Cuba- parte seis- Santiago
Cuban Excursion- parte – seis -Santiago
Wed. Dec. 8th, 2018- Santiago, Cuba
We were up by 7 A.M. The ship was sailing towards Santiago, Cuba. The seas were calm. We had coffee and pastry in the room. It was “una buena dia” (beautiful day.) We walked 22 laps on the deck eleven oval, enjoying the early morning sun and the dark visage of the Cuban mountains off our port side. Afterwards, we joined Barry and Diane Drevol, in the deck nine café, for breakfast. Immediately following, we listened to the dynamic Sandy Cares for an hour long lecture on Santiago and its environs.
We watched an hour of the George Bush funeral ceremony on television, enjoying as always, the eloquence of former Canadian Premier Brian Mulroney, a pal of both Bush and Reagan. BY 11:15 A.M we had entered Santiago Harbor. Castillo Moro, a twin of the Habana fortification, loomed along the headland. There was much sealand commerce inside the harbor. In the background, the dark hills set off the bright blue of the coastal waters. Santiago lies just 40 miles to the southwest of the American Naval Base at Guantanamo Bay. sS we stood topside and admired our surroundings, we talked with one Georgian who had been stationed at Guantanamo as a youth. He said that he and several of his pals had snuck through the wire fence around the base, on a number of occasions, and whooped it up with the locals.
Twelve Thirty found us assembling in the Sirena Lounge for our excursion into Santiago. We boarded a ship’s tender for the ride into port. At customs, we surrendered our Cuban paper visa and were given plastic entry passes, to allow us to leave Cuba and reenter the ship. We walked through the scanners and out into the port area. It was warm and sunny. We found Transtur bus # 8 and met our guide Dionogia. Her English was not very good. On every tour we had ever been on, the quality of your experience depends on the verbal skills of the tour guide. Today we would just have to manage as best we could.
Santiago had been founded in 1515, by a Spaniard named Diego Velasquez. One of its early Governor Generals had been Hernando Cortez, who had then gone on to Mexico, to conquer the Aztecs. The streets were alive with motor cycle traffic, the apparent mode of choice for the city. We saw several of the “old cars,” but none were very well restored. This far east in Cuba, things got poorer and poorer.
Our first tour stop was the massive brown-stone edifice of Castillo Moro. A few buses, of tourist from everywhere, had already preceded us into the fortification. The guide paid for thirty of us to enter. That fee apparently included the right to take pictures. Otherwise, it would have been an additional 5 CCU’s for that privilege. We walked up and down the massive fort stairs. They led out to a spectacular vista of the harbor. You could just imagine seeing the early Spanish gunners rolling out their cannons and getting ready to repulse some invading fleet of marauders. A walk through some of the nearby rooms was enlightening. In one “powder room” sat a large pile of lead cannon balls. They were emplaced in boxes that were hauled up to the canons above by a pulley system on an inclined plane.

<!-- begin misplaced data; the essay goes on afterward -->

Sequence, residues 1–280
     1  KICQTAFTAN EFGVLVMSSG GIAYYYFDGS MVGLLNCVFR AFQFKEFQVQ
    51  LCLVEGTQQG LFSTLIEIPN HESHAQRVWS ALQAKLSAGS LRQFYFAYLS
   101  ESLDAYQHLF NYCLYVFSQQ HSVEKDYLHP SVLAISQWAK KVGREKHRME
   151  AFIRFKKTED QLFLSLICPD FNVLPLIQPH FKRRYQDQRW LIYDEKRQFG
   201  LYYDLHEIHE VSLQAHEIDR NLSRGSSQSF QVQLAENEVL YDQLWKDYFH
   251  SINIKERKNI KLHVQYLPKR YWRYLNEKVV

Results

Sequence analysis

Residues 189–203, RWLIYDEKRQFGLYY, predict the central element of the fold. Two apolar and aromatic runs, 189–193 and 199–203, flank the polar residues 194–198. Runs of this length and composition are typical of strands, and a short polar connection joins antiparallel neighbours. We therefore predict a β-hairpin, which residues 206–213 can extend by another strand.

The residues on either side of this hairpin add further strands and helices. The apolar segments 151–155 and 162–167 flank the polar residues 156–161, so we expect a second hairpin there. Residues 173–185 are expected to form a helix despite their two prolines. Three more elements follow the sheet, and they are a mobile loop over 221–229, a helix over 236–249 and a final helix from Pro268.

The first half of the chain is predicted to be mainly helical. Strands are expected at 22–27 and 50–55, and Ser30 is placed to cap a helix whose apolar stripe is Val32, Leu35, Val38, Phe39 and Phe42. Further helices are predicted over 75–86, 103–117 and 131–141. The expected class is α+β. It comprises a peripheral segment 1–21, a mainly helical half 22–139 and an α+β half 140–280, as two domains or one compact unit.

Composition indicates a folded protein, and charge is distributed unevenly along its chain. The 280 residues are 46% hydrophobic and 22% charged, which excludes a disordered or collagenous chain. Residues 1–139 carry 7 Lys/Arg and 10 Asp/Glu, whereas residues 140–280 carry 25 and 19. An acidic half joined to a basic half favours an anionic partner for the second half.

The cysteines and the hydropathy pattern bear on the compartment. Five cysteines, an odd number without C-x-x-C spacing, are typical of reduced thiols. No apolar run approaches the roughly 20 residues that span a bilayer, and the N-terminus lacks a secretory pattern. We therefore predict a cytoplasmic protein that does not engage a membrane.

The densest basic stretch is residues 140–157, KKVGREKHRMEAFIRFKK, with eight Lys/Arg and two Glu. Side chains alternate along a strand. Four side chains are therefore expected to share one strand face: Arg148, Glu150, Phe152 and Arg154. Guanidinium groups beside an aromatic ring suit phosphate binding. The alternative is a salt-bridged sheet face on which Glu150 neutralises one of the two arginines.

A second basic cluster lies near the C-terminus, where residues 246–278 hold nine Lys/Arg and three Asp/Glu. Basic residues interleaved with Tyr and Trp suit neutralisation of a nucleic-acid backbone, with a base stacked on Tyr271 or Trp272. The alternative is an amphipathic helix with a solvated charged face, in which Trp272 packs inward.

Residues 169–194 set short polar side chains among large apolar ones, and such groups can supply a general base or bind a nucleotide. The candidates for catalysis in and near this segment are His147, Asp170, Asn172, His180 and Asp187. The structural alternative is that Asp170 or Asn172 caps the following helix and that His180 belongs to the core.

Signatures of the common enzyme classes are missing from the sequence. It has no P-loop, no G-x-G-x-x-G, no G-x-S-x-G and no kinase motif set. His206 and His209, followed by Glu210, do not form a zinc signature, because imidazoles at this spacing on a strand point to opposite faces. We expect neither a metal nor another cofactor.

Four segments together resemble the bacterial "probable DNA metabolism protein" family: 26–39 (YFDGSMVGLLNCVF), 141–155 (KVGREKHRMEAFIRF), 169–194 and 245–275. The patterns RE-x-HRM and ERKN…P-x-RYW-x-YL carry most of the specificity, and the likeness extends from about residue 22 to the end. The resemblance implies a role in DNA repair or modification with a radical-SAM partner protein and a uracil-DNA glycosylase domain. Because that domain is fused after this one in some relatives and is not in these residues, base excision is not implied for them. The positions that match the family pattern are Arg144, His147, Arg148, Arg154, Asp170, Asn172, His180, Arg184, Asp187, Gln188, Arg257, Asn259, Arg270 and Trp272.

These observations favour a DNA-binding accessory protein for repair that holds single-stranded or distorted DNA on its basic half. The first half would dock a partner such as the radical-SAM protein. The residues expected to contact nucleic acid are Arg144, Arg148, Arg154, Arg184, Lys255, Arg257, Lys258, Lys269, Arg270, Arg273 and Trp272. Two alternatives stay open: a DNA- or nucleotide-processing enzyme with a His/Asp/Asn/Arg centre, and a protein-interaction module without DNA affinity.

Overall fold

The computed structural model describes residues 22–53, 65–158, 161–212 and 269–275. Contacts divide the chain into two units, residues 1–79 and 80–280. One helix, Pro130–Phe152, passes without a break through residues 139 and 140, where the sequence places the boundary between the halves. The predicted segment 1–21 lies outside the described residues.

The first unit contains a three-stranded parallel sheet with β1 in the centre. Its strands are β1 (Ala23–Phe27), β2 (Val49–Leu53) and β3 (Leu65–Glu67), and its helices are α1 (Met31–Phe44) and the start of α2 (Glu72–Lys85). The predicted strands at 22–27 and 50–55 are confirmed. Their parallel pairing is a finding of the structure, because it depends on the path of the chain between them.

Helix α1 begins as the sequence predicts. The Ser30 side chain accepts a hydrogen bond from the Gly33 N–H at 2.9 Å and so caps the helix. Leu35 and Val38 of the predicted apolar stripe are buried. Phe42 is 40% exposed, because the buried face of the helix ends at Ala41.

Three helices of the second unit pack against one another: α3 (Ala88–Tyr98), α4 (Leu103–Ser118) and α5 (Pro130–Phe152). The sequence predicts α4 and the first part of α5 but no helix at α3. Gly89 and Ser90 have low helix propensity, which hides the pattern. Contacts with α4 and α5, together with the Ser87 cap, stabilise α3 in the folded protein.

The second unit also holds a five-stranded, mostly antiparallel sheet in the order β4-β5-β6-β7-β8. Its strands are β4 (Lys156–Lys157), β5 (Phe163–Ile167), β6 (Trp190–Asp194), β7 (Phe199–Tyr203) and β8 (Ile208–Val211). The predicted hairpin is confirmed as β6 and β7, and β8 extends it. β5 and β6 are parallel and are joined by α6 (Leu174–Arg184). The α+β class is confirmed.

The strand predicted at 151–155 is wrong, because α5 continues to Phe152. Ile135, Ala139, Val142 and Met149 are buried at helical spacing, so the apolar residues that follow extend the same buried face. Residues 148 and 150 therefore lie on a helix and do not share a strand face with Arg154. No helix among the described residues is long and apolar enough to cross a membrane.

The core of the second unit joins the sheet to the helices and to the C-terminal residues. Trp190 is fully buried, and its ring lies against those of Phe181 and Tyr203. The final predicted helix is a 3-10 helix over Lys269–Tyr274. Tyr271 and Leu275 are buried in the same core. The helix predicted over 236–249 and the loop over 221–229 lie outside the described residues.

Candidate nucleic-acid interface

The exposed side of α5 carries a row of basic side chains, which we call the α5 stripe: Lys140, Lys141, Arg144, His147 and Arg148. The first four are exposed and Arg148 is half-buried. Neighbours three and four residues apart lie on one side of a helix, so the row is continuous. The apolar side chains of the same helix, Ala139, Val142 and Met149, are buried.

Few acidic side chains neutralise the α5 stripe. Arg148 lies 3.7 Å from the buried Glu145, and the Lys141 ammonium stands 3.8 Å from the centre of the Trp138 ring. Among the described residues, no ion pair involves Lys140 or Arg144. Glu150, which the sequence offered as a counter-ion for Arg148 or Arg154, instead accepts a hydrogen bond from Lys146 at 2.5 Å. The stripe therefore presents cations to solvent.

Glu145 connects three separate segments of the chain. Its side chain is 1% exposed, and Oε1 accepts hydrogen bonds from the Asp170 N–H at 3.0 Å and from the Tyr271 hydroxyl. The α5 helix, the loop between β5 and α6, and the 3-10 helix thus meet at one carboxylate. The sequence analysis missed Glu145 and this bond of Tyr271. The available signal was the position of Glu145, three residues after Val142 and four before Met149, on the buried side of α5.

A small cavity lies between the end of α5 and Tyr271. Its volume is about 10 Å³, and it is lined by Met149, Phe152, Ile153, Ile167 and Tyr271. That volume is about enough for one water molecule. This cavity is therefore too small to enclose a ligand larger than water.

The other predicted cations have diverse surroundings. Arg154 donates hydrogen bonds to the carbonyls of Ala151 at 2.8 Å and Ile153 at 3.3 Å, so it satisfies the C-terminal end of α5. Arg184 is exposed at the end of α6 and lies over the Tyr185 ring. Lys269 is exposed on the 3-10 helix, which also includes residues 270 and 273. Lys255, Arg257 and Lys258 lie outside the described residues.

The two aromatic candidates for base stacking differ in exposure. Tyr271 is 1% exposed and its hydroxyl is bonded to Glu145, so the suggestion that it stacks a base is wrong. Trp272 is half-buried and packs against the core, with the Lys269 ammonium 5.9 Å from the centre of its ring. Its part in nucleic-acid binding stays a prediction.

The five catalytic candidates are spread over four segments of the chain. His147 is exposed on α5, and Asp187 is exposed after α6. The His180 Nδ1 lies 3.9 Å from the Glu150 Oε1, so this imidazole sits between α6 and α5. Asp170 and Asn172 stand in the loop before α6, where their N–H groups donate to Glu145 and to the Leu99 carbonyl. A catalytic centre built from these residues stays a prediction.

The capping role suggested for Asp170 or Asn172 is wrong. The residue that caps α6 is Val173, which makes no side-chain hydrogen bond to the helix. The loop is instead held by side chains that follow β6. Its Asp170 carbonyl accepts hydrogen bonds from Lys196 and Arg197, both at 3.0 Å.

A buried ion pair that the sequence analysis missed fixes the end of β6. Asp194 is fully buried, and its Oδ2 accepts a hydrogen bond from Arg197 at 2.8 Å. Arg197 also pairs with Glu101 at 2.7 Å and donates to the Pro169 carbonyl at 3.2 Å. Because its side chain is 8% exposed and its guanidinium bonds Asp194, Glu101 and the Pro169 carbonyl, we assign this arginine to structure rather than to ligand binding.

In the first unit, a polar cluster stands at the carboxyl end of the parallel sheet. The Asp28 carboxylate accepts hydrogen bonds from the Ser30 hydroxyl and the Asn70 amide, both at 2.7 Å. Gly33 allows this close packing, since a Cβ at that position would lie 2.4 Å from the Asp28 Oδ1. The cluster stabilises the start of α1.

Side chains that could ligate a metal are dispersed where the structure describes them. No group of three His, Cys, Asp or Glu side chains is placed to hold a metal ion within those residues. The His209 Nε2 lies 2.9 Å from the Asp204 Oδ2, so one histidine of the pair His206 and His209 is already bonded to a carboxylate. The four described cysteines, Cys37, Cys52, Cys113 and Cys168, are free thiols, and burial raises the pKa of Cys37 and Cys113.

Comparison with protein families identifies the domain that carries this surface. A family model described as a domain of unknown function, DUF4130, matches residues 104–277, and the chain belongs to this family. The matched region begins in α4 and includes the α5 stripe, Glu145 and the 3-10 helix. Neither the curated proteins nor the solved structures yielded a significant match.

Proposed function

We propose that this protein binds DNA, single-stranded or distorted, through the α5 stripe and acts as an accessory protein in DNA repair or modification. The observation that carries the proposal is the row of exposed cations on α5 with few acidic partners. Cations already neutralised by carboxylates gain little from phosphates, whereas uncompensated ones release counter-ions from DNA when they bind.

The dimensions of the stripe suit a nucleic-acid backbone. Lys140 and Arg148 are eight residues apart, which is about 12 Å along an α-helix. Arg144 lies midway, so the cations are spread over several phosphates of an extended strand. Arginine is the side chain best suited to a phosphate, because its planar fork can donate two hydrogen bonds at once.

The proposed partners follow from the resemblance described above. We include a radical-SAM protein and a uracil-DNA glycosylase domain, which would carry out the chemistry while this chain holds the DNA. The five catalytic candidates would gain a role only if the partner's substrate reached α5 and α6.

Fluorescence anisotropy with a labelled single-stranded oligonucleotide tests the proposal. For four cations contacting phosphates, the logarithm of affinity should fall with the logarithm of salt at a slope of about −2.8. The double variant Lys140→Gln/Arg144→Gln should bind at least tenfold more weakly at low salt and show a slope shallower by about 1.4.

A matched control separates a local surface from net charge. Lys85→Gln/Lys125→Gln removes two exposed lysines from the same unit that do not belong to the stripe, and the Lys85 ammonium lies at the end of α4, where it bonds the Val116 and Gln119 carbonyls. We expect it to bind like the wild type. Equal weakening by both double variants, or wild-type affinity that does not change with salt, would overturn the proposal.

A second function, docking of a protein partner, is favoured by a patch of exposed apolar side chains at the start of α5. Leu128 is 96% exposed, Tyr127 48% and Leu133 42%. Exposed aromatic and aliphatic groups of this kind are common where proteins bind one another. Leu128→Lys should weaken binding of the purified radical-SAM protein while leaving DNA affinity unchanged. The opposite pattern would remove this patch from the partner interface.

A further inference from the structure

Another room held a pictorial display of American warships that had fought the Spanish in the 1898 Spanish-American War. Pictures of these ancient behemoths, like the USS Brooklyn, Chicago, Helena, Iowa, New York and Oregon were fascinating to me. Many of these enormous warships were scrapped in the 1920’s, to be replaced by even larger ships that would make up the mainstay of our World War II Battle fleet. The aging warships had been led by U.S. Admiral Sampson. They had run out onto Santiago Bay on July tenth, 1898 and annihilated the Spanish Fleet in the Atlantic. Shortly after that, The Spanish had sued for Peace, in a Paris Peace Treaty. They had paid the U.S a $20 million-dollar indemnity and surrendered control of Cuba, Puerto Rico, The Philippines and Guam.
Castillo Moro had also served as a Military prison during the 1890’s, housing a rota of Cuban rebels who would later be the fore front of the Cuban revolutionary movement. It is a moving history of Cuba, encased in brown sandstone. We all took plenty of pictures and admired our surroundings. The walkway in and out was lined with Cuban vendors hawking tee shirts and all manner of tourist bric a brac. Several announced that they would take American Dollars for their wares. We were a long way from Habana, the center of government. Practical politics was asserting its economic head.